It was during these days of tension that the warning of the Thompson “attack” came. It began in the neighboring town of Dudley, Massachusetts, where a “saucy” boy launched a verbal assault at a man who was suspected of being a Tory. The “Tory” knocked the boy down, causing loud wailings to ensue. At about the same time a courier from Boston had galloped through Dudley carrying special dispatches. In his haste he did not pause to answer questions. These two little incidents were immediately blown up with the help of a little imagination until it reached Thompson where it was reported that “four men (had been) shot down dead in Dudley Street.”
There stood on the common of Thompson at that time a popular meeting place, Captain John Sabin’s “Red Tavern.” Under an elm tree near the tavern sat lame, old “Uncle Asa” resting his game leg and partaking of a pint. The cry of alarm roused him: “The Tories are coming, the Tories are coming!”
Some inventive soul added that “Malbone’s troops” and the “Paygan” Indians were advancing from the south to meet with the British right smack in the middle of little Thompson. (Malbone was a prominent churchman and Tory from neighboring Brooklyn, Connecticut, who was much feared for his ill-reputed band of freed slaves.)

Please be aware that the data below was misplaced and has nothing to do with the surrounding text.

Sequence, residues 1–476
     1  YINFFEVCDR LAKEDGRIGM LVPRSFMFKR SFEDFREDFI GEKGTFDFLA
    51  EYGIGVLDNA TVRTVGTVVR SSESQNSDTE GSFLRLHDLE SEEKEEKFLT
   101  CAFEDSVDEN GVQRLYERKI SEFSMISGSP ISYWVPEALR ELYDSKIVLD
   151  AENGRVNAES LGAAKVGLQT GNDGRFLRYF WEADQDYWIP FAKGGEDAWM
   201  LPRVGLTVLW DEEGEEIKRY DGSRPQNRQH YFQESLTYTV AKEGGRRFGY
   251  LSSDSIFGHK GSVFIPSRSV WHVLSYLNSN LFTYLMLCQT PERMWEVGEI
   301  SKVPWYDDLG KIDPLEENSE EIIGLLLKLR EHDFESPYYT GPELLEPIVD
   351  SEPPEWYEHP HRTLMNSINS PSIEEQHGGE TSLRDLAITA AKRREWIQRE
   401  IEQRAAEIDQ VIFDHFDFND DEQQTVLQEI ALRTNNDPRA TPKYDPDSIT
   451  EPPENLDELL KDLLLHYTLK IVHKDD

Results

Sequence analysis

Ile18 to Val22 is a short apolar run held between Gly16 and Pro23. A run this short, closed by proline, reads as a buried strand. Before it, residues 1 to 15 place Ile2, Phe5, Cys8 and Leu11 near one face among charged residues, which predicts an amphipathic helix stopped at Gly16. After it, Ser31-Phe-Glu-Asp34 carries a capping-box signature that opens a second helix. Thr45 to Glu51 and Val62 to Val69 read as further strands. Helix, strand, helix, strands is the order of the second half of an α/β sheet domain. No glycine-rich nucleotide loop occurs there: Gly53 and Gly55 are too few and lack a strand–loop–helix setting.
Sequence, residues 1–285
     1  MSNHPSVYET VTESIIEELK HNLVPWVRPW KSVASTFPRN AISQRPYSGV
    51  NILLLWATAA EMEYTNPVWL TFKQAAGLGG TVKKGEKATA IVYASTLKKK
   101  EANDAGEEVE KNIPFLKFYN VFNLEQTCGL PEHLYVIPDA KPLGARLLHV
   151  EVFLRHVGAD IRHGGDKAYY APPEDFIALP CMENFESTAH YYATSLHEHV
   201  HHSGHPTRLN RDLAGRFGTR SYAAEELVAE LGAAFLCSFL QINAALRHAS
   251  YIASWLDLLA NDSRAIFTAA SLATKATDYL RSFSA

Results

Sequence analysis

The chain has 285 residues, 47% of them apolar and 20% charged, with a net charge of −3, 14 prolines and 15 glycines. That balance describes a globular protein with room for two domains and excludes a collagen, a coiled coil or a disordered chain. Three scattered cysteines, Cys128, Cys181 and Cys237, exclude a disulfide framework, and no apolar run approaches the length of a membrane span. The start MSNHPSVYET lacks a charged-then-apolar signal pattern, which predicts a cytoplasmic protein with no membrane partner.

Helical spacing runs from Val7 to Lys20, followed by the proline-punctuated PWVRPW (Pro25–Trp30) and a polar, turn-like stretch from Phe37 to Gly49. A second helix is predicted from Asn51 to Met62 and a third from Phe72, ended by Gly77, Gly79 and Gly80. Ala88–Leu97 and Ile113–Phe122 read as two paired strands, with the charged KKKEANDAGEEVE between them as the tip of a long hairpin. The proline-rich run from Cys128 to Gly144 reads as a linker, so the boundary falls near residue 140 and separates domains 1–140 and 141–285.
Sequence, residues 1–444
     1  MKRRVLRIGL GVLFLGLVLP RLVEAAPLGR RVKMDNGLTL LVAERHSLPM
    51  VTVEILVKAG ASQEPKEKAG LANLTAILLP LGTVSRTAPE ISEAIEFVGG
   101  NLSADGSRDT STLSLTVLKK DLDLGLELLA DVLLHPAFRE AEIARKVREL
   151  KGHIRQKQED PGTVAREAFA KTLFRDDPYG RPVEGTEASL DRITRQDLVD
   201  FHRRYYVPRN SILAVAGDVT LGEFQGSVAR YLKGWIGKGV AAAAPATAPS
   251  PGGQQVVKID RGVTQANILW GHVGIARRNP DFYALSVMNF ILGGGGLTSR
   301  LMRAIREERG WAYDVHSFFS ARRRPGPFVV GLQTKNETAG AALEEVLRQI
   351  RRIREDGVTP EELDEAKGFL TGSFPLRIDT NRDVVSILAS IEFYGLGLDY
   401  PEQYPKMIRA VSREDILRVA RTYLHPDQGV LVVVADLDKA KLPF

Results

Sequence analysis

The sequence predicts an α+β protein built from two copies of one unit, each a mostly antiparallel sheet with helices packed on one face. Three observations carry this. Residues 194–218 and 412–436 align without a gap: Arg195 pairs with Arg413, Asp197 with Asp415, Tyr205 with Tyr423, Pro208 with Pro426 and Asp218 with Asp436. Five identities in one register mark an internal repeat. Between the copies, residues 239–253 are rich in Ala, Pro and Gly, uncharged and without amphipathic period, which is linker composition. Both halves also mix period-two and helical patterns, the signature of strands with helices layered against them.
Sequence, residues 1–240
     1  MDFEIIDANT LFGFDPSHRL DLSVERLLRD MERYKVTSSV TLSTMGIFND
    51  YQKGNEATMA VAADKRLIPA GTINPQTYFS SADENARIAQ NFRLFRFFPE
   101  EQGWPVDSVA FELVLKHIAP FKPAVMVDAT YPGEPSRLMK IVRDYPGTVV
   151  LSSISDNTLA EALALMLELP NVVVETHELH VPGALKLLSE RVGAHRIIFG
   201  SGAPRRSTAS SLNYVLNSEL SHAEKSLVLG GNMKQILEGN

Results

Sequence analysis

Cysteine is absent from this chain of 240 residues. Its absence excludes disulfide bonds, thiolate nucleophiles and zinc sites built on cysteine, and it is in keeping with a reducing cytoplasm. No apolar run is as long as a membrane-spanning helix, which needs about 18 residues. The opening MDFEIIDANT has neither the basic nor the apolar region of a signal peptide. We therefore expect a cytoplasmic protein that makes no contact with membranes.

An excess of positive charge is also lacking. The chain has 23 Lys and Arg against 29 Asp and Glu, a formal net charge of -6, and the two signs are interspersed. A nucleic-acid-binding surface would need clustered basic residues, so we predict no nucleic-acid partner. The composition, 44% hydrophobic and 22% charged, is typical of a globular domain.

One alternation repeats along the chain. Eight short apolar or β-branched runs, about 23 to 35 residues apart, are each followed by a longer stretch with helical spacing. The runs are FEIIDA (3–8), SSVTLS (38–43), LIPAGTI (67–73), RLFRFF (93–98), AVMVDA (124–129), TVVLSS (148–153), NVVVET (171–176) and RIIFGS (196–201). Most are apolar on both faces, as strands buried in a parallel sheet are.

The British and even the hated Hessians might be expected to give quarter, but what could be hoped for from savage Indians and Malbone’s raiders? A young boy ran from house to house spreading the alarm while the town folk rushed out to gather by “the great Elm tree” to plan the defense of their beloved town. The bonfires were lit to alert citizens on the outskirts of town of the impending danger. Should the town be defended or should the people run? Most of the available guns and ammunition had been taken by the men when they went “a-soljuring” but pitchforks and farm implements were still available. The debate was hot and heavy with the majority deciding in favor of running.
The lowlands around Thompson Hill are dense swamps today as they were two hundred years ago. There was the place to hide. Without stopping to pick up any sort of supplies the inhabitants of the town, with only a few exceptions, headed off as fast as they could for the “miry” swamp. Poor old Uncle Asa, forced to leave his pint, hobbled along after his sister complaining bitterly about not stopping for his shin plaster. History records his famous words (Uncle Asa apparently suffered from a serious speech difficulty-or possibly was missing his uppers): “Thithter, Thithter, I’ve forgot my thin plathter!”